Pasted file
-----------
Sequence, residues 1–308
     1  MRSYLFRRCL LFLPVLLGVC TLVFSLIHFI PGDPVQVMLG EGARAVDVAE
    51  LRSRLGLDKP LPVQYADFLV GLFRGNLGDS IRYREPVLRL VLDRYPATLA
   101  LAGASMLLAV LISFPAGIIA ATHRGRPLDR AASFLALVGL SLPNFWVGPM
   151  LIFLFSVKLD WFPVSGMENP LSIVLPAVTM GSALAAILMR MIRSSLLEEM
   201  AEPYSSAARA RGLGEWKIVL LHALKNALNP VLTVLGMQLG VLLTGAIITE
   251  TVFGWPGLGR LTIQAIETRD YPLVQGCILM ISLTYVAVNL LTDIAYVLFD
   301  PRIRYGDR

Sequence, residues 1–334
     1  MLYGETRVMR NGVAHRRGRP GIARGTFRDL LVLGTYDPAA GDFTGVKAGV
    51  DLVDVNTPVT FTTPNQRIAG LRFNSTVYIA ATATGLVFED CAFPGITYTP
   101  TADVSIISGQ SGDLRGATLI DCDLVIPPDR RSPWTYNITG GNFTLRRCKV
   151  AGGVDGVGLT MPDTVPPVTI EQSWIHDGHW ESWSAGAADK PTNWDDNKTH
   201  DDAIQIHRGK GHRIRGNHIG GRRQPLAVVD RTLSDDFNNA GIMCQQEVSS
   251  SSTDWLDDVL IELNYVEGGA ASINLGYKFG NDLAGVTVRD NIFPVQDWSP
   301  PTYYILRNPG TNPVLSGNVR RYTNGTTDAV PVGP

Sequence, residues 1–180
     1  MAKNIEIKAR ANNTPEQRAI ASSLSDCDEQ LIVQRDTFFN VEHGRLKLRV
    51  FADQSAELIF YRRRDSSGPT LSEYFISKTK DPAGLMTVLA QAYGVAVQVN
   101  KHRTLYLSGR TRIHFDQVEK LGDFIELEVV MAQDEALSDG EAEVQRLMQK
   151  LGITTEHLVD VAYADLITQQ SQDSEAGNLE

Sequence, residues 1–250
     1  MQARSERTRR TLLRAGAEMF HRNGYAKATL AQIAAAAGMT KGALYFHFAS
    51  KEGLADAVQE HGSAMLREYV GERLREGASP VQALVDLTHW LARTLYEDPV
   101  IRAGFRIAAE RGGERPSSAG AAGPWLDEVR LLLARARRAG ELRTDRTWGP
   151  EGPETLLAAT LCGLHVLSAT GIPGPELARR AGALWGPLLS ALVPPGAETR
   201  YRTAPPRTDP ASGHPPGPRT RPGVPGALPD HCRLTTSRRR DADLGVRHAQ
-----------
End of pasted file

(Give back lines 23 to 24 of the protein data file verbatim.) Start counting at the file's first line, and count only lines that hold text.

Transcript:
     1  MQARSERTRR TLLRAGAEMF HRNGYAKATL AQIAAAAGMT KGALYFHFAS
    51  KEGLADAVQE HGSAMLREYV GERLREGASP VQALVDLTHW LARTLYEDPV